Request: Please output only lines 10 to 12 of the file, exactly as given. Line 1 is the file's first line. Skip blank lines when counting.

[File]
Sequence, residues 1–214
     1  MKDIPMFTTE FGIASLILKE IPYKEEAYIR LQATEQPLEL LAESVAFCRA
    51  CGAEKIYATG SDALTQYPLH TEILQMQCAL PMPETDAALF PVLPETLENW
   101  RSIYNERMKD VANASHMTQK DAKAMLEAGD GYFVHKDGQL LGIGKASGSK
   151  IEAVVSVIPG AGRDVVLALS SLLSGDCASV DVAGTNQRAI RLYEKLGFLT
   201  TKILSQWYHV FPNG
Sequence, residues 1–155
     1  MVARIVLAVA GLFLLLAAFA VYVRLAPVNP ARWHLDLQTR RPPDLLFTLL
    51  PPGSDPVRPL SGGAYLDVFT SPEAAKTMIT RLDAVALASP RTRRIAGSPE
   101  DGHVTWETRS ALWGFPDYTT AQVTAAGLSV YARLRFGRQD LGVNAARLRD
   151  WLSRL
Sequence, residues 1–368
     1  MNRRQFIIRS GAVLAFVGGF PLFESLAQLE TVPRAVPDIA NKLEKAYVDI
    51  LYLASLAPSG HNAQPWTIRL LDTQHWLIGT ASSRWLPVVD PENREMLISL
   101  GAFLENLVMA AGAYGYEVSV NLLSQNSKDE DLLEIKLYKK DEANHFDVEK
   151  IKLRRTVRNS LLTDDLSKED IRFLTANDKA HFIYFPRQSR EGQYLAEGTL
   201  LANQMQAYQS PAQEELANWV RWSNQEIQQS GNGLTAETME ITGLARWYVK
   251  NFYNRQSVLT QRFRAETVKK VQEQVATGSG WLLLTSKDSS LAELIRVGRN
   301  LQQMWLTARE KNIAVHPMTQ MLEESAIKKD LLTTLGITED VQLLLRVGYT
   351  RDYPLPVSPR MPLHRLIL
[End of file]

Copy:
   101  DGHVTWETRS ALWGFPDYTT AQVTAAGLSV YARLRFGRQD LGVNAARLRD
   151  WLSRL
Sequence, residues 1–368